Why did Pat bring this up?  He never specifically explains why, but coming as it did amidst his Obama-Kerry-Mars-socialist-hoax-deep-ecology global warming arglebargle, it looks like Pat was attempting to show that there's still a fair amount of scientific illiteracy in this country—and that's why so many people think that climate change is real.

But why oh why would so many citizens of this good upstanding Christian nation still believe the Sun revolves around the Earth?  Might it have something to do with this?:

Joshua 10:13, The Bible

THE SUN STOPPED.   That's how the Bible puts it.  In a country with a considerable evangelical population whose religious leaders promulgate the Bible as the literal truth, is it any wonder that so many might at least mistakenly believe (if not firmly believe) that if "the Sun stopped," then it's the Sun that moves?

And incredibly, Pat brought up the Church's history of excommunicating people for denying the geocentric model—when the Church said the Bible established that the Sun revolves around the Earth. I truly believe Pat was about to compare that handful of scientists who deny climate change to Galileo, when he realized that These stupid people who believe the Sun revolves around the Earth! was about to become That stupid Church which used to believe what the Bible says!  Which is why he immediately dropped this angle right after uttering the word "heresy" and moved on to "socialist hoax."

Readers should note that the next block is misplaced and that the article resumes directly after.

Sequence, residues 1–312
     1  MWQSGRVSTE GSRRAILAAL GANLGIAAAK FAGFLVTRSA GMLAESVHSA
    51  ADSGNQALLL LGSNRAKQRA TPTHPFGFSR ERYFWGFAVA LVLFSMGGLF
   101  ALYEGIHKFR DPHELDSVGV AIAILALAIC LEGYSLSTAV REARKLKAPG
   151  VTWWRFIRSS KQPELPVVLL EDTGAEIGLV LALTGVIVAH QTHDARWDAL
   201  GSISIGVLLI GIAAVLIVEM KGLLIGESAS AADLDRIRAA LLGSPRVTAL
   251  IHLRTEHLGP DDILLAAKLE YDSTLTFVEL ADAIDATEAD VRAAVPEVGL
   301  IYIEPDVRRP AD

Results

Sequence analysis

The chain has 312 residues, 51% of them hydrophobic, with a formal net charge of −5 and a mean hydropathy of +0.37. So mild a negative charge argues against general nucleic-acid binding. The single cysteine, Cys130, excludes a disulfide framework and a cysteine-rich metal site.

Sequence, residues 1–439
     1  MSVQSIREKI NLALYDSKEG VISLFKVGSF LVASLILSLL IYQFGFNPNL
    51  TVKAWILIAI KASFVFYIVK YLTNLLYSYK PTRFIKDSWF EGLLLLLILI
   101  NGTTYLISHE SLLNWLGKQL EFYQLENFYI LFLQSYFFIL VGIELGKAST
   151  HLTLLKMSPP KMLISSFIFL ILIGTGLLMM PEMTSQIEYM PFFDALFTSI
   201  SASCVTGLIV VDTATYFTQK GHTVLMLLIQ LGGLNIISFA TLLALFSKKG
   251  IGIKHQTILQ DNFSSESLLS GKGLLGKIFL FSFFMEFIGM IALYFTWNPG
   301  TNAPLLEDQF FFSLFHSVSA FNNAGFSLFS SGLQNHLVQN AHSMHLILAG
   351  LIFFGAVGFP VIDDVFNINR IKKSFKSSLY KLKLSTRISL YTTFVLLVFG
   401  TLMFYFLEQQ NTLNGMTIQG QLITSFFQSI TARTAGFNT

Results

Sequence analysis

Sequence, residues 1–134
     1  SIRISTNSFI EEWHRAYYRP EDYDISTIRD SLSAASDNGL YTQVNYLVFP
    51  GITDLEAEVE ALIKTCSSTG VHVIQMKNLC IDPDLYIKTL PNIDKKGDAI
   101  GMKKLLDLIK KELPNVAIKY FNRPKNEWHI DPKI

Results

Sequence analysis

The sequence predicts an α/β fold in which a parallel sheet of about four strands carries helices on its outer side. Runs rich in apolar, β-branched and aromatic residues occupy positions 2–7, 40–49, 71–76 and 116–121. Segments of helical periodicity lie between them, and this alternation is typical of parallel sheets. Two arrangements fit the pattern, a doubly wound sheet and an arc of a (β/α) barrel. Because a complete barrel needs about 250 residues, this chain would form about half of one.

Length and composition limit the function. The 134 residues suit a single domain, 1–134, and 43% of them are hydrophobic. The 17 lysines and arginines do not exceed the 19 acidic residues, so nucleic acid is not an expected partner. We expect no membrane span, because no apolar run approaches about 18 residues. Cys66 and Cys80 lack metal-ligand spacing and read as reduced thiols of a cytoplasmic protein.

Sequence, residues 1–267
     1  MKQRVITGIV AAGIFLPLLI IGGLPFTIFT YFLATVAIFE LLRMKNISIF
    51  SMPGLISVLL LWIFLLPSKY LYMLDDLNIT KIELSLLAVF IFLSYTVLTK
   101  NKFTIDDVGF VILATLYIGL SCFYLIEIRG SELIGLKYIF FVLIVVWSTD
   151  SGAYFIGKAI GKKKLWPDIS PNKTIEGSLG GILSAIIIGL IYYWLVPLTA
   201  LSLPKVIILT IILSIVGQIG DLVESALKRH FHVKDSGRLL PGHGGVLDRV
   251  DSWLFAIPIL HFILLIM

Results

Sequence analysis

What it comes down to, ultimately, is that Pat Robertson will grasp at any conceivable straw to attack climate change, embrace any argument that comes down the pike or which pops into his brain at the moment, and ignore the overwhelming scientific evidence for global warming.  And I've just come to realize why: accepting the truth of global warming means that God is not watching over us and protecting us.

But he can't bring himself to say that, because if he were to completely deny all the scientific evidence and rely only on what his Book tells him to think, he would risk making a joke of himself.

(By the way, some on the Right are chortling over the fact that a breakdown of the NSF survey by party and political affiliation [download the PDF file at this site and go to page 7] shows Republicans did better than Democrats on the "does the Earth revolve around the sun" survey—bootstrapping that into arguing that their side is smarter and that religion has nothing to do with any of this.  (Click this link at your own risk.)  But the breakdown also shows that once you put party affiliation aside, liberals outclassed conservatives.  The telling distinction is that the worst-performing cohort by far was conservative Democrats—essentially, Southern (and therefore presumably more evangelical) Democrats who've maintained their party affiliation even as they've voted more Republican in national elections. Going by Wikipedia's numbers, registered Democrats still outnumber Republicans in several solid red states firmly in the Bible Belt, and even in Southern states with fewer Democrats, the voter results of the last few presidential elections have gone Republican beyond the registration differentials.)